One time I dropped it in a big pot of boiling minestrone. I drained the minestrone. The watch was fine. I had to wait a while to put it back on as it was quite warm after that.
The Waiter’s Club is a restaurant in a nowhere laneway somewhere in the heart of Melbourne and it’s a place tourists don’t go. Hell, it’s a place locals don’t go. The club in the name is fictional. Except that you do tend to keep going back once you’ve been introduced to it. These are the people that go to the Waiter’s Club.
A friend of mine took me for lunch one weekday, saying ‘the food is good, the wine is served in little glasses like in Italy and there have been lots of mafia shootings there’. Which is obviously everything you look for in an Italian restaurant. One of the highlights of the place, having been there now probably once a month for five or so years is Dennis. He’s a waiter that loves his job. You can see younger Dennis in the faded newspaper clippings on the walls. He’s like the Highlander, he’s been there forever and he’s not going anywhere. He really loves it.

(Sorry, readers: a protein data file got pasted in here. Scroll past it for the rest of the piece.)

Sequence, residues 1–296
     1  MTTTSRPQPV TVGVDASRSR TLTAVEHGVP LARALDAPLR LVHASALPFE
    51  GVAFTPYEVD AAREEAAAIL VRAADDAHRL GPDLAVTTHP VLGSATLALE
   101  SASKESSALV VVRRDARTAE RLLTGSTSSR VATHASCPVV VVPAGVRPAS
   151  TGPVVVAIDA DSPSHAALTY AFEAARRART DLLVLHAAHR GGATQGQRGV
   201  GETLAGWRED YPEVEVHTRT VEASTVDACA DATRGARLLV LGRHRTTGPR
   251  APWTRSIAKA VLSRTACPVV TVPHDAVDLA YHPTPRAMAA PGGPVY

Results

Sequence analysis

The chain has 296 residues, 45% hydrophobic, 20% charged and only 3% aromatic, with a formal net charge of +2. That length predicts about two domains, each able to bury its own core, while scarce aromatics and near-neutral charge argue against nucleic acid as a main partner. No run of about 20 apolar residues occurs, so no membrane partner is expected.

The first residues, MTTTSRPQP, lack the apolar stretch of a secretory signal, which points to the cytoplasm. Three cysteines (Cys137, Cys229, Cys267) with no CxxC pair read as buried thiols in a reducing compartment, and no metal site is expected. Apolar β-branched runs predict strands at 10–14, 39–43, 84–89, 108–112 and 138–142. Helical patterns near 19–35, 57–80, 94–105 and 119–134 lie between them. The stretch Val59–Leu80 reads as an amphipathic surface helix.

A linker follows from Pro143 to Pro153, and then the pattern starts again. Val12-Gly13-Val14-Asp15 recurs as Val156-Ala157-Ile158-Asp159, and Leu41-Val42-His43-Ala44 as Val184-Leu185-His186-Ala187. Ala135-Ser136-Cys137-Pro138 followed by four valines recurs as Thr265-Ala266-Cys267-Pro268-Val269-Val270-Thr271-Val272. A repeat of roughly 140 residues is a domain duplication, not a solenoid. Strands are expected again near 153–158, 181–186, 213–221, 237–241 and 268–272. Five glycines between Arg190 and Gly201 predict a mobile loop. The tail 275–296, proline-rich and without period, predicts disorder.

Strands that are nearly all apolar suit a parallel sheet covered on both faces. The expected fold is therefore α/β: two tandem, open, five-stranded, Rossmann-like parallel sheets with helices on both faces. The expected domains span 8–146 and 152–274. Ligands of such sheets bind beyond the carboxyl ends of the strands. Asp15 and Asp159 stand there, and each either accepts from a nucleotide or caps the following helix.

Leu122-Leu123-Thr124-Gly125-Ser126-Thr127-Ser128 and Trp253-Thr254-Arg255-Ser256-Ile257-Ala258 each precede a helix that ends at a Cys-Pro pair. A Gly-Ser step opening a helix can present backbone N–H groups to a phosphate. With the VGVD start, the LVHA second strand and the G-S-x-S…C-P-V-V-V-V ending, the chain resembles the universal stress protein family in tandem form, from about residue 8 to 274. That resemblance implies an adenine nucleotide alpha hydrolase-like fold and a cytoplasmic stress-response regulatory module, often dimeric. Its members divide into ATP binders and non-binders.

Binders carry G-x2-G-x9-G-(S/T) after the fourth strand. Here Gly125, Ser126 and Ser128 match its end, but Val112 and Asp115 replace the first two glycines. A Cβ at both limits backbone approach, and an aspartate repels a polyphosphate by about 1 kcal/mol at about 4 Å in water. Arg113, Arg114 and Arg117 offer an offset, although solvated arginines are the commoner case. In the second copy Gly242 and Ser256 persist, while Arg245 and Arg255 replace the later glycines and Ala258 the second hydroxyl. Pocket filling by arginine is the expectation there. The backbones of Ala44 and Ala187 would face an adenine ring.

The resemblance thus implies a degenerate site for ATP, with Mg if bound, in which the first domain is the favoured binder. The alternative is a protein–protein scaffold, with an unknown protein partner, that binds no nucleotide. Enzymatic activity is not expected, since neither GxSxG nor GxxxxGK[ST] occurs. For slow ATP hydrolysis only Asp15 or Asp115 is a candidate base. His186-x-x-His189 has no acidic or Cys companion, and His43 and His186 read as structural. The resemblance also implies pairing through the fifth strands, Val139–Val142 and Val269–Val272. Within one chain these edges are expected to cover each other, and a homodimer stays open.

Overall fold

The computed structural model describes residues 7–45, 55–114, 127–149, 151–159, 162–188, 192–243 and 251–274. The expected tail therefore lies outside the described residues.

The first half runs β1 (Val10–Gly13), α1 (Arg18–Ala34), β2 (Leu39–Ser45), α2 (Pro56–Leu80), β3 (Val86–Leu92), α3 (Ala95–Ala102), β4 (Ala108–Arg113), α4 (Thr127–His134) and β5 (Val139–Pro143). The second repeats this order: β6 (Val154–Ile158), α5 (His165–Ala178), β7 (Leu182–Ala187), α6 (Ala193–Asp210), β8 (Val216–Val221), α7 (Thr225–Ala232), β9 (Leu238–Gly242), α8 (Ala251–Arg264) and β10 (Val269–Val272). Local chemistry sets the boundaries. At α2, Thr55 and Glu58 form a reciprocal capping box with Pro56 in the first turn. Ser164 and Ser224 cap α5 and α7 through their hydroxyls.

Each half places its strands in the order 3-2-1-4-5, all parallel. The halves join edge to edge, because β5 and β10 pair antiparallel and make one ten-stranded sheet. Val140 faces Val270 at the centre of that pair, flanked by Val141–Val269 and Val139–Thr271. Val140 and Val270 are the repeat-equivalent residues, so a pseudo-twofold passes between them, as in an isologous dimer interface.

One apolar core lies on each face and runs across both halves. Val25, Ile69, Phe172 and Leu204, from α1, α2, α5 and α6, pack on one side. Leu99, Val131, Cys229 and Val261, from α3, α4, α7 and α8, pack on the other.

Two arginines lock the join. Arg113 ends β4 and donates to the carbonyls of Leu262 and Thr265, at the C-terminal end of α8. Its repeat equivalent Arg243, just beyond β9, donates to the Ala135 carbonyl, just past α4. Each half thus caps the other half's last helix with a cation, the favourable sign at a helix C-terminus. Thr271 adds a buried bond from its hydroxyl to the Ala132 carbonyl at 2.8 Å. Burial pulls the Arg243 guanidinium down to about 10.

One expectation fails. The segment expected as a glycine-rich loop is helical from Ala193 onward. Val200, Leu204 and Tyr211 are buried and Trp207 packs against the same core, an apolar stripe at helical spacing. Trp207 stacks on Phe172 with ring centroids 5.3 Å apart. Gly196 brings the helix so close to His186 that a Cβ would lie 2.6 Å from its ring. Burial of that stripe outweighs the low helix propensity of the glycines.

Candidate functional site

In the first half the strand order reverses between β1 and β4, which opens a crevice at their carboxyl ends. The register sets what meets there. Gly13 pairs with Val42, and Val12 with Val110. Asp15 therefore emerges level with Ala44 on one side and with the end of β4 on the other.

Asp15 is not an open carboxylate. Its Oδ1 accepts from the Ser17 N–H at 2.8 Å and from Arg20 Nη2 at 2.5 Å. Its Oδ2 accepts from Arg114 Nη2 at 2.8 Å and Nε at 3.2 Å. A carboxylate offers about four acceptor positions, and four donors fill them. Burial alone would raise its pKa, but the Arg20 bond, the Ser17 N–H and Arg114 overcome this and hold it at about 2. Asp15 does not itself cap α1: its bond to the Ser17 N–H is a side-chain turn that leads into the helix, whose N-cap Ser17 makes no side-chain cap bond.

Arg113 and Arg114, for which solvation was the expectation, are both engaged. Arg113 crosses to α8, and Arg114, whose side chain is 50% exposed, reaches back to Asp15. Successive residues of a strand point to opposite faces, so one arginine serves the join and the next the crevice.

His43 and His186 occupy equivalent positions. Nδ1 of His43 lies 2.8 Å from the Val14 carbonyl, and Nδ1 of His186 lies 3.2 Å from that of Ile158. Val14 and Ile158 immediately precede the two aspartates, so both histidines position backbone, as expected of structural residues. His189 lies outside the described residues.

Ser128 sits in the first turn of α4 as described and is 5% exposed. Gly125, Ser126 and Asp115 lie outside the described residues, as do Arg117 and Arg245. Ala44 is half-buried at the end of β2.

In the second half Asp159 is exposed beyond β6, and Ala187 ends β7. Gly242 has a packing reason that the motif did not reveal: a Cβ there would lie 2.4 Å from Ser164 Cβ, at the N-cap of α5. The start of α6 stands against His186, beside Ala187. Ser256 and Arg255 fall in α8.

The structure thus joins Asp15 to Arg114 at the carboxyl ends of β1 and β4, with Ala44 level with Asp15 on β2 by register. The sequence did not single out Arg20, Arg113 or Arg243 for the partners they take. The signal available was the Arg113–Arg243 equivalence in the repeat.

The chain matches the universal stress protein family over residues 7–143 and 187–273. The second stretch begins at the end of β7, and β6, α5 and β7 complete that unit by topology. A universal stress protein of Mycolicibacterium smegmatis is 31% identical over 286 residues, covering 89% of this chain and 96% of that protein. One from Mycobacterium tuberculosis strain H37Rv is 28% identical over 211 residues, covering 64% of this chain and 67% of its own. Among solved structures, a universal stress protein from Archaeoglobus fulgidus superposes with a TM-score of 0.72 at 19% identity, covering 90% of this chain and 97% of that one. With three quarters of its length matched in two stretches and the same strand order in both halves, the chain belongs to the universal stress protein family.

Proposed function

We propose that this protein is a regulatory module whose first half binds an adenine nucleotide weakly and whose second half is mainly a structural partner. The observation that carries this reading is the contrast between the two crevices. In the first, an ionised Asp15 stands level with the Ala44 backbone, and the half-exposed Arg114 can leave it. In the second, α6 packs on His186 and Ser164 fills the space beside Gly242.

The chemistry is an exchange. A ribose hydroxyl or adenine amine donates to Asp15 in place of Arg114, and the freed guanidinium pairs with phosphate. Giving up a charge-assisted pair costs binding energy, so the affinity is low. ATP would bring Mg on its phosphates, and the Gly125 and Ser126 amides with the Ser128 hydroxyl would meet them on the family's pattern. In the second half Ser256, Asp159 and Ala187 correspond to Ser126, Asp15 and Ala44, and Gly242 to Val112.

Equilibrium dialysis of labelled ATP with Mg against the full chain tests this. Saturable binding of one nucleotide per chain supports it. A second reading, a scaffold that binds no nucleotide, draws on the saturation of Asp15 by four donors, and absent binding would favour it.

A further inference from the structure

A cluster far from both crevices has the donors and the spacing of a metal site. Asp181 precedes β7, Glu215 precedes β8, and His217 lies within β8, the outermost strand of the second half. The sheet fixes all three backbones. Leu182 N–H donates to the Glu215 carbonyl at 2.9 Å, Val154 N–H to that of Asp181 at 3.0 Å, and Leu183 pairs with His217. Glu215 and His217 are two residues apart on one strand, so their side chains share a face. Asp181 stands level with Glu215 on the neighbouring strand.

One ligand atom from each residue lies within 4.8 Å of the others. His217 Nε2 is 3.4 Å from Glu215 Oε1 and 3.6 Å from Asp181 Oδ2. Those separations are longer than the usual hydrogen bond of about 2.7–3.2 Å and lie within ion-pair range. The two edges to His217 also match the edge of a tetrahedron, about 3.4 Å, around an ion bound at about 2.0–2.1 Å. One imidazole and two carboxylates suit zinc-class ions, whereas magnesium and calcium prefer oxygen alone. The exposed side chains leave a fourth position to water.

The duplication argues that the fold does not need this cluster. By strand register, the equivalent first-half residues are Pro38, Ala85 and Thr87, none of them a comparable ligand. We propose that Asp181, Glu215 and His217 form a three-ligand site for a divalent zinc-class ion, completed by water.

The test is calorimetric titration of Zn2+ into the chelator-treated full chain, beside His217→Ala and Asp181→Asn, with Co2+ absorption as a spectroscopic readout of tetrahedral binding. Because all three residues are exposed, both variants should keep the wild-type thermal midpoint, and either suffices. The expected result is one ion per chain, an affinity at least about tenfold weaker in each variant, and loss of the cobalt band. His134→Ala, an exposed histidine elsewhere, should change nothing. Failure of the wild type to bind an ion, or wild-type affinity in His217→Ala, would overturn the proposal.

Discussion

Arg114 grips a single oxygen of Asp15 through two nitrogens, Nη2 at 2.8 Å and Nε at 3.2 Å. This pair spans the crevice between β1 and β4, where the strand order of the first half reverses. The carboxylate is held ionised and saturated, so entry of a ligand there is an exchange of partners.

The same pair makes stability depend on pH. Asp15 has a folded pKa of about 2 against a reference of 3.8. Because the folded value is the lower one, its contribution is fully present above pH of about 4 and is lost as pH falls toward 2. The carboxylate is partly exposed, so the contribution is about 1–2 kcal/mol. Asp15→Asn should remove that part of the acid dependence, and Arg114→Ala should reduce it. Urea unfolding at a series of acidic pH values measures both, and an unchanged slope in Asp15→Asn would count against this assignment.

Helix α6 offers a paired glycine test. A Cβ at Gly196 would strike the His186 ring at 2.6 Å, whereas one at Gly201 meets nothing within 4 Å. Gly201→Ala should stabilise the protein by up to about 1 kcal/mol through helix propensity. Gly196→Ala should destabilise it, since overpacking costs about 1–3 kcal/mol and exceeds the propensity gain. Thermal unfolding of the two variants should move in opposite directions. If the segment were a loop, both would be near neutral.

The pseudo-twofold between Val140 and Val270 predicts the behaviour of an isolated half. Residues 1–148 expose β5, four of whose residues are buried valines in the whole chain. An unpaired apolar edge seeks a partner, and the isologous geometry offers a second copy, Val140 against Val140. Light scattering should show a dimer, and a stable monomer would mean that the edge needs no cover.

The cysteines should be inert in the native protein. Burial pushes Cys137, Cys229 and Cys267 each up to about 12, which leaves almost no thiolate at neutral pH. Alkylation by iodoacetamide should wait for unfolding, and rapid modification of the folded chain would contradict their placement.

The other thing Dennis loves is watches. Once he saw me wearing a Panerai and he beelined over and told me his Italian heart was beating out his chest at the mere sight of it. He told me he has one too, but strictly for weekend wear. Then another time he saw my beloved old Subbie. There were overtures to Rolex dive watches. How you can’t kill them, especially. Finally, on my last visit to the Waiter’s Club I thought I’d ask about Dennis’ watch. This is his story. It’s short and powerful. Like Dennis.
“I wear a Rolex Submariner. I wear it everyday. At the beach, at work… (at this point my friend, who might have had a carafe of wine, jumped in with “On the job?” To which Dennis replied, “of course”) I don’t take it off apart from to sleep. One time I dropped it in a big pot of boiling minestrone. I drained the minestrone. The watch was fine. I had to wait a while to put it back on as it was quite warm after that.”